The following is a guest post by Kari Luckett.
Credit cards are full of hidden fees and charges, but thanks to the CARD Act, most people are already aware of what those fees are; annual fee, balance transfer fee, late fee, etc. Easy enough, but have you ever heard of retroactive interest before? Retroactive interest is a typical practice credit card companies used before the CARD Act came around. Let’s take a look at what retroactive interest is so you know what to look out for in the future.
Retroactive Interest & The CARD Act
Retroactive interest occurs when a credit card company increases your interest rates on purchases already made. For example, if you choose to finance a purchase with a store card and were unable to pay it off in the introductory time-frame, usually at 6, 12, 18, or 24 month periods, they can now charge you back-interest on the previous months. The CARD Act banned arbitrary interest rate increases, which includes retroactive interest, meaning banks can’t raise your rates on your existing outstanding balance unless you have failed to make payments for 60 days or more. Banks are getting around that though, by stating in their contract that they are allowed to increase rates that were agreed upon, which you can see below. If interested, you may read the terms of the CARD Act on retroactive rates clearly, here.
Cards With Retroactive Interest
Most store credit cards will come with retroactive interest. Yet another reason why you should steer clear of opening a credit card at check-out in order to get 15% off your purchase. It’s just not worth it! If you ever hear someone say the words “deferred interest,” you should definitely run in the opposite direction. Here are a few cards where the words “deferred interest” are thrown around:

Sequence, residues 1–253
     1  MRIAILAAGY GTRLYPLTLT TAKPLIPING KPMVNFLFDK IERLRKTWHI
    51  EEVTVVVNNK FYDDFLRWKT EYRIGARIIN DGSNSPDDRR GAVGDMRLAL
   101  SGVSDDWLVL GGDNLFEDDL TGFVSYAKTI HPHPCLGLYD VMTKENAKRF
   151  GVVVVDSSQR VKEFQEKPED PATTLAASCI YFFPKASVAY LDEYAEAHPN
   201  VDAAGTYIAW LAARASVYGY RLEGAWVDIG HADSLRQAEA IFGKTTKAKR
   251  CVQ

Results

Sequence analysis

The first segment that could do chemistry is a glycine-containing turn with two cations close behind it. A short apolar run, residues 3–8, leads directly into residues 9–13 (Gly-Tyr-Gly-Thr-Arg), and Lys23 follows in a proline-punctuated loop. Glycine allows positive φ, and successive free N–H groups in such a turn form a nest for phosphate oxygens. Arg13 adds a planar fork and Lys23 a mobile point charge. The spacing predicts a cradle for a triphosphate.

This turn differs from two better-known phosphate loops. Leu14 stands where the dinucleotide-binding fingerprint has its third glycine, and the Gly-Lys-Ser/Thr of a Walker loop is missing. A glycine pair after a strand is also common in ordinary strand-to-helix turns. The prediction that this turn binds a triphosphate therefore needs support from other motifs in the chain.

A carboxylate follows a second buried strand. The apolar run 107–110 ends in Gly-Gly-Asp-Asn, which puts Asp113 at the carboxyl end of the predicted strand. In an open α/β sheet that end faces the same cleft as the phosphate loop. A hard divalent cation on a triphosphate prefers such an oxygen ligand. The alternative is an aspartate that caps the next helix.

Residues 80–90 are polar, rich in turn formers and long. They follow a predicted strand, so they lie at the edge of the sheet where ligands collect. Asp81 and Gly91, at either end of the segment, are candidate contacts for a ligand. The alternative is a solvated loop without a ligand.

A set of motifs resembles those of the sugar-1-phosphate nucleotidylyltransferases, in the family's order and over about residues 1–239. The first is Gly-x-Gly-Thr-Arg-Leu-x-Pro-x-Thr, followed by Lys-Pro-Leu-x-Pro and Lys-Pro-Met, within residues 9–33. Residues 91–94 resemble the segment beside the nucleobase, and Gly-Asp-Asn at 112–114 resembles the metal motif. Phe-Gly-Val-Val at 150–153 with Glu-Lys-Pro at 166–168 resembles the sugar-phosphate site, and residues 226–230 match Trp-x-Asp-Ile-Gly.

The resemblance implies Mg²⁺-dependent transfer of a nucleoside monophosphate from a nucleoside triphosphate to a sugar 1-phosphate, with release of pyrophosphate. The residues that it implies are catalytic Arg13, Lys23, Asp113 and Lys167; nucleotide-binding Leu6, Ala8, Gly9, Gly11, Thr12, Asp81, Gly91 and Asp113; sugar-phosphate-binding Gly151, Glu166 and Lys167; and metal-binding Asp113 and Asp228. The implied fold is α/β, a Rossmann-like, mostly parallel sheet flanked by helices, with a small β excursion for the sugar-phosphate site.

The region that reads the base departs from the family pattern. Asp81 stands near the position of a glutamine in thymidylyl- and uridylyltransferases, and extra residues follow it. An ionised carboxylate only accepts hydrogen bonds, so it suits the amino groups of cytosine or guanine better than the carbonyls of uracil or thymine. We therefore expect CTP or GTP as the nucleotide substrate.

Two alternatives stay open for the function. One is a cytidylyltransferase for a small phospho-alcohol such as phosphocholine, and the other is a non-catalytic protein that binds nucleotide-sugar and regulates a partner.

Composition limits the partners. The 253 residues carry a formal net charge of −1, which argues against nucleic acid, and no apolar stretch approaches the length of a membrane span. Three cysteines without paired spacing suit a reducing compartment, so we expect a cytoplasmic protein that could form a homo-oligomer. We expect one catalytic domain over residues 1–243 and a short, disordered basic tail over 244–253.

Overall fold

· Amazon.com Card– You have the option for 6 month, 12 month and 24 month financing. The fine print states, “No interest if paid in full within 6 (or 12 or 24) months. Interest will be charged to your account from the purchase date if the promotional balance is not paid in full within 6 (or 12 or 24) months.”
· Apple Card– You have the option for 6 month, 12 month and 18 month financing. The fine print states, “If the deferred Financing Purchase is not paid in full by the Promotional End Date or if you make a late payment, interest charges will be assessed for the entire promotional period at the then applicable rate for Purchases during the promotional period (currently 22.99%).”
· Lowes Card– You have the option for 6 month financing. The fine print states, “No interest if paid in full within 6 months. Offer applies to any Lowe’s® Consumer Credit Card purchase or order of $299 or more. Interest will be charged to your account from the purchase date if the promotional purchase is not paid in full within 6months.” Kudos to Lowes for highlighting the deferred interest.
· Office Depot Card– You have the option for 6 month and 12 month financing. The fine print states, “If the balance is not paid in full by the end of the promotional period (or, to the extent permitted by law, if you make a late payment), interest charges will be imposed from the purchase date at the purchase rate on your account which is 27.99% APR.”
If you are not someone that typically carries a balance, then retroactive interest won’t have any real effect on your card choices. If you find yourself in trouble with one of these deferred interest cards, try transferring the balance to a low-interest, reputable card with 0% introductory APR to close the old account and pay off the balance in a timely manner.
Kari Luckett writes about financial topics for CompareCards.com. Kari is the content strategist for CompareCards.com.